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July 29, 2014 / 2 Av, 5774
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Chronicles Of Crises In Our Communities


Asperger’s: Overhype or Reality?


Dear Rachel,

Regarding the letter from “A Flabbergasted Mom” (Chronicles, Jan. 31) whose 12-year old son is said to have Asperger’s Syndrome: What’s with the inordinate amount of kids these days who are supposedly suffering from one “condition” or another and, worse yet, are being medicated? How is it that in the ‘60s, ‘70s or even ‘80s terms like ADD, ADHD, Asperger’s and the like were relatively obscure?

I’m not trying to say that we were all uniformly well behaved in those days, or that we didn’t have our fair share of unruly, unmannerly and lazy kids. In fact, I remember staying far away from my best friend’s house whenever I knew her younger brother would be around. He was notorious on our block for his wild antics and I was afraid to get anywhere near him. But I can assure you of one thing: he wasn’t put on meds. And I can also tell you firsthand that he turned out just fine.

Overkill perhaps?


Dear Rachel,

As I was reading the letter from Flabbergasted Mom, I wondered where I’d be today had my own mother taken me for a psychiatric evaluation when I was a spaced out, unmotivated kid who played hooky more often than I care to disclose.

In class I was the perpetual daydreamer and would generally opt for my own company than that of my peers.

Today I am baruch Hashem a settled and happily married family man. Though I confess to preferring a quiet night at home with my wife rather than be out socializing, we frequently host family and friends for Shabbosim, as well as for longer-term visits.

The point I’m getting at is – G-d only knows where and who I’d be today had I been placed on meds as a child.

There but for the grace of G-d…


Dear Readers,

Your combined thoughts are on the minds of many. Let’s educate ourselves a bit to clear the fog. Asperger’s was actually first recognized as an official disorder in 1992 (though it was discovered long before then by Hans Asperger, an Austrian pediatrician).

This syndrome was added to the DSM-4 (4th edition of the Diagnostic and Statistical Manual of Mental Disorders), the American Psychiatric Association’s diagnostic reference book, in 1994. Point being, we would have been unlikely to hear about Asperger’s way back when.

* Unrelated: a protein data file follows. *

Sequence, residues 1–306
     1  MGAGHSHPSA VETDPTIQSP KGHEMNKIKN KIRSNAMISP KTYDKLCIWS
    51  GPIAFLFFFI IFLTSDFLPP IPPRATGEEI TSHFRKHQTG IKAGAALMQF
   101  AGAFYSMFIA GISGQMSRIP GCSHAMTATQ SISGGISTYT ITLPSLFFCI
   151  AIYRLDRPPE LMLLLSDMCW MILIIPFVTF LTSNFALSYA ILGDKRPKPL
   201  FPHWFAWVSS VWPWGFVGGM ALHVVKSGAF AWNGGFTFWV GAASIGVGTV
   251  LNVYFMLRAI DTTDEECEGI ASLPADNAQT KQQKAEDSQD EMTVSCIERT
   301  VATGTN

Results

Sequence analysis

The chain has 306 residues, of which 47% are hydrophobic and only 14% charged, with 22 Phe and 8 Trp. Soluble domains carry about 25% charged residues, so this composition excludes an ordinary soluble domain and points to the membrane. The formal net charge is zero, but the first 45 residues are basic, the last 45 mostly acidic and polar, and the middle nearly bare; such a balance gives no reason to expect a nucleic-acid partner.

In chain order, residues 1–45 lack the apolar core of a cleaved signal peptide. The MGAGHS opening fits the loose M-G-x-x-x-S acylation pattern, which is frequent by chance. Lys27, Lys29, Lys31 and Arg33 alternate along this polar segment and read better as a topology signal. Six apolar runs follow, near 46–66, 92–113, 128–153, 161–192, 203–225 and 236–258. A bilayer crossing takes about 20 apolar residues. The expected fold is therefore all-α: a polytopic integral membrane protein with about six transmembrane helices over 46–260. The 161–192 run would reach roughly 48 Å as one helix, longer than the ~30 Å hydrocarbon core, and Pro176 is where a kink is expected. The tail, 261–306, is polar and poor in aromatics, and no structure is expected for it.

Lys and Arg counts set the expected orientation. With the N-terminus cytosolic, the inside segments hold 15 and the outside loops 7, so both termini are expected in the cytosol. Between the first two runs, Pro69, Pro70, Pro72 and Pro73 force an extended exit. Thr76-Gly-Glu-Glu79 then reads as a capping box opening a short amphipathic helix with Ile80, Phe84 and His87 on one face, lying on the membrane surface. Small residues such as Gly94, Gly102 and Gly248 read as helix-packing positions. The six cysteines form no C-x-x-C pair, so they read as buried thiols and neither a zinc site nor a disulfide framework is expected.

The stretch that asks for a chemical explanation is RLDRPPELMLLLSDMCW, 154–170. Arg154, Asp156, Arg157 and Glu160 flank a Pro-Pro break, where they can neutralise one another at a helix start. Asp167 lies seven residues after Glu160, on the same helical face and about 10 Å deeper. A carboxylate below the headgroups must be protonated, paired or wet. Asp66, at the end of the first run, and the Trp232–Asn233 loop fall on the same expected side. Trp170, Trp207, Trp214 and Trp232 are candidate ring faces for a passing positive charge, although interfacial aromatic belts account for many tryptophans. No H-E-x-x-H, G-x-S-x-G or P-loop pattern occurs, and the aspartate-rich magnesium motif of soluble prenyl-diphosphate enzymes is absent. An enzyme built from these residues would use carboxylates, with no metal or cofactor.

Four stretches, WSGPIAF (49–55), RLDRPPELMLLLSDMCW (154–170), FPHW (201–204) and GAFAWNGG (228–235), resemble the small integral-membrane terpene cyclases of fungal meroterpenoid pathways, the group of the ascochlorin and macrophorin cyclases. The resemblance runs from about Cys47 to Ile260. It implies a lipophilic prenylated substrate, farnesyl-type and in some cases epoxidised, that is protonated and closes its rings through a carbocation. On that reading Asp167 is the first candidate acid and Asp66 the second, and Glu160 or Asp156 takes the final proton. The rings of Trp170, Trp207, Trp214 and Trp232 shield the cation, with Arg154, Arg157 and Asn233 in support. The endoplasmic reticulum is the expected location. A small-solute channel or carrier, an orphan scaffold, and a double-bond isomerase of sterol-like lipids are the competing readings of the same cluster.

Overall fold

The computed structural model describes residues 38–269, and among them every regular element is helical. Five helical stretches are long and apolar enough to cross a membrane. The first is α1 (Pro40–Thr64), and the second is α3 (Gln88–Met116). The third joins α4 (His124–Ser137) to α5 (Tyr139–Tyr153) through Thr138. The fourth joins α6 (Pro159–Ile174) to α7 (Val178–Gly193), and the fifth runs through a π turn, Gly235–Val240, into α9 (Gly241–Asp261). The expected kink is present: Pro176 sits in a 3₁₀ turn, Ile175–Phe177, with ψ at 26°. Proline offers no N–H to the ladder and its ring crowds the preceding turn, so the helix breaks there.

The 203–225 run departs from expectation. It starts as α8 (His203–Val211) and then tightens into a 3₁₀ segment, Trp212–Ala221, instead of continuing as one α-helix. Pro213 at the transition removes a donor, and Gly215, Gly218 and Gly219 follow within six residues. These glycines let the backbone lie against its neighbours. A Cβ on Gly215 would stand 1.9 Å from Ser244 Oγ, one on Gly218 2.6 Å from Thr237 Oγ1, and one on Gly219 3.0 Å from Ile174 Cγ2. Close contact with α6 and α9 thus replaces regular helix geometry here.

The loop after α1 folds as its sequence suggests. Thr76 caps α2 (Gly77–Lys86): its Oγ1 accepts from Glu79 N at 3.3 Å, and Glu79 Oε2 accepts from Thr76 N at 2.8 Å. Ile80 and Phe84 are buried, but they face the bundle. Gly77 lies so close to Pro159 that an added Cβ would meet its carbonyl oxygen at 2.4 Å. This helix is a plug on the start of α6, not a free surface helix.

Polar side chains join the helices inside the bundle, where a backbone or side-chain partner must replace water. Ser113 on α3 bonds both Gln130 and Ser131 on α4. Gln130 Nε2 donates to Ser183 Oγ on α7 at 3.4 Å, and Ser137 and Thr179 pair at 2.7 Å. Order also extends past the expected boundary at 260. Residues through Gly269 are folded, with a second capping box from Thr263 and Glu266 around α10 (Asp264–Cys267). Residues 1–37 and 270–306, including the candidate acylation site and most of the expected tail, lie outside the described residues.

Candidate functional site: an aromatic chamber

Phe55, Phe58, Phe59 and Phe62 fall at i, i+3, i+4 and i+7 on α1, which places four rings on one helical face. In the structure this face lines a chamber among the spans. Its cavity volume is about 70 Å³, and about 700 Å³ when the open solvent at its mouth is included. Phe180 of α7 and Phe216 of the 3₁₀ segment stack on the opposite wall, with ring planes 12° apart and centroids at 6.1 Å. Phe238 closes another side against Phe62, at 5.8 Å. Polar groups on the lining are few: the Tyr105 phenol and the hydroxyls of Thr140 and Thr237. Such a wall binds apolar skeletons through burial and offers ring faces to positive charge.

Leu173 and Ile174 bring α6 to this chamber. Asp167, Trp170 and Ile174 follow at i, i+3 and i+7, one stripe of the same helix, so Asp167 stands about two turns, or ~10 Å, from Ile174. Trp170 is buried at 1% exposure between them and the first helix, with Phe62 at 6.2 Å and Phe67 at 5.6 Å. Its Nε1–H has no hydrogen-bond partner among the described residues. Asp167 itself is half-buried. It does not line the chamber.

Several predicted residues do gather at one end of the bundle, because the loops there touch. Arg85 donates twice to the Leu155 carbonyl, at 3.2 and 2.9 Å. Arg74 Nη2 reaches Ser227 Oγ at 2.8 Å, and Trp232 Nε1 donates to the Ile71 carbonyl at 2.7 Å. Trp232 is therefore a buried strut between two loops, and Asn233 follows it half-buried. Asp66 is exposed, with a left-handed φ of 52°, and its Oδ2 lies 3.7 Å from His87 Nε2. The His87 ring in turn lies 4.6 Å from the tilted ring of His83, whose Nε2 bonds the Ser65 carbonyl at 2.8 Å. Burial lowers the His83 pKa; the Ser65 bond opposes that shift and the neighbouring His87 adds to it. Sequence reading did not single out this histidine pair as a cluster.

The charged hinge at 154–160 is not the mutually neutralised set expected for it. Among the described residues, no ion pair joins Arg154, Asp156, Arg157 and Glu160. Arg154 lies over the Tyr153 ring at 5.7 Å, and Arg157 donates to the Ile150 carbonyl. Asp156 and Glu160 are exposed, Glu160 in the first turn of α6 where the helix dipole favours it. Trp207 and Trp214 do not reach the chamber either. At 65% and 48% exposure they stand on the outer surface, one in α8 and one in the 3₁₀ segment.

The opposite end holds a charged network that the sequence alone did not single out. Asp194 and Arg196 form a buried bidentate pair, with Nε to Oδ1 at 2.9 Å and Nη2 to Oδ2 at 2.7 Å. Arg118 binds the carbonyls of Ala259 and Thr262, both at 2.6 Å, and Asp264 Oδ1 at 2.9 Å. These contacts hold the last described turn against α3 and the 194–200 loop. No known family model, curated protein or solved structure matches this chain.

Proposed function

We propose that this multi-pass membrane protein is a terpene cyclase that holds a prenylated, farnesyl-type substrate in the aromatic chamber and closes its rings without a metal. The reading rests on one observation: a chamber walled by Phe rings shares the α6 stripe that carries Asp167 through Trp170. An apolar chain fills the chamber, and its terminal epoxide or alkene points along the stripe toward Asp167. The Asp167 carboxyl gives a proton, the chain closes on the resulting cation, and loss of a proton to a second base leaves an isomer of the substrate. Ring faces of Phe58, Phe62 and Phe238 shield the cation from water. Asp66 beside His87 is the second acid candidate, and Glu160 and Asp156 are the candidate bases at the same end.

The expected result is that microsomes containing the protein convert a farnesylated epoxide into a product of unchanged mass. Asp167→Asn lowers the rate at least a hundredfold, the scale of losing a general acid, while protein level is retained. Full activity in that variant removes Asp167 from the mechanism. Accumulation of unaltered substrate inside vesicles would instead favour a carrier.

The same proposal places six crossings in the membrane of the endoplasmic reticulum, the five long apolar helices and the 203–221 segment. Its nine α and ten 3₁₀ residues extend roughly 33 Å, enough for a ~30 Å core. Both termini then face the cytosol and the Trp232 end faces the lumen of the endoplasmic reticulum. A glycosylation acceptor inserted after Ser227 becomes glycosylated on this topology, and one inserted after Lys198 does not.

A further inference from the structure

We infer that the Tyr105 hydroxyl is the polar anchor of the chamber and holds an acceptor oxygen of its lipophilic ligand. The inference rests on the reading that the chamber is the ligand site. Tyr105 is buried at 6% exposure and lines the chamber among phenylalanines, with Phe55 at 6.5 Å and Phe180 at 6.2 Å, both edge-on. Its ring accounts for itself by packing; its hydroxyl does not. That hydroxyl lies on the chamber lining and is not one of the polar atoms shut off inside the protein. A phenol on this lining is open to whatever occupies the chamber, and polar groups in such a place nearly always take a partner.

So what happened to all the children “on the spectrum” who grew up without being diagnosed or treated? Well, on the one hand there were far fewer occurrences of autistic children born years ago. By some estimates, autism has seen a staggering increase of 600 percent in just two decades, leading to a widely-held belief that environmental factors play a much bigger part in ASD than had been speculated.

On the other hand, for all we know adults who are today diagnosed with various so-called personality disorders might have turned out differently had they received appropriate treatment much earlier on in their lives.

Asperger’s syndrome is defined by specific criteria, the most prevalent being the lack of a natural instinct to read social cues, which makes it difficult for Aspies to interact with others. There is also the tendency to develop a passionate interest in a specific activity. They might develop rigid rituals, may appear physically awkward, are prone to speak in a monotonous, robotic manner and often avoid direct eye contact in a discussion. On the positive side, Aspies are generally very bright as well as exceptionally skilled or talented in a particular area. (Unfortunately, their quirkiness and nerdy-like persona makes them especially vulnerable to bullying.)

Displaying one or another of these symptoms is not indicative of Asperger’s; it is rather a combination of symptoms that is present in the diagnosed Aspie. (Assessing the disorder should be trusted to a professional with expertise in this field.)

The intensity of symptoms affects level of functionality and varies widely among individuals with AS. Some children show symptoms in their toddler years, while others are diagnosed much later on in their teen years. Still others discover they fit the Asperger’s mold as adults.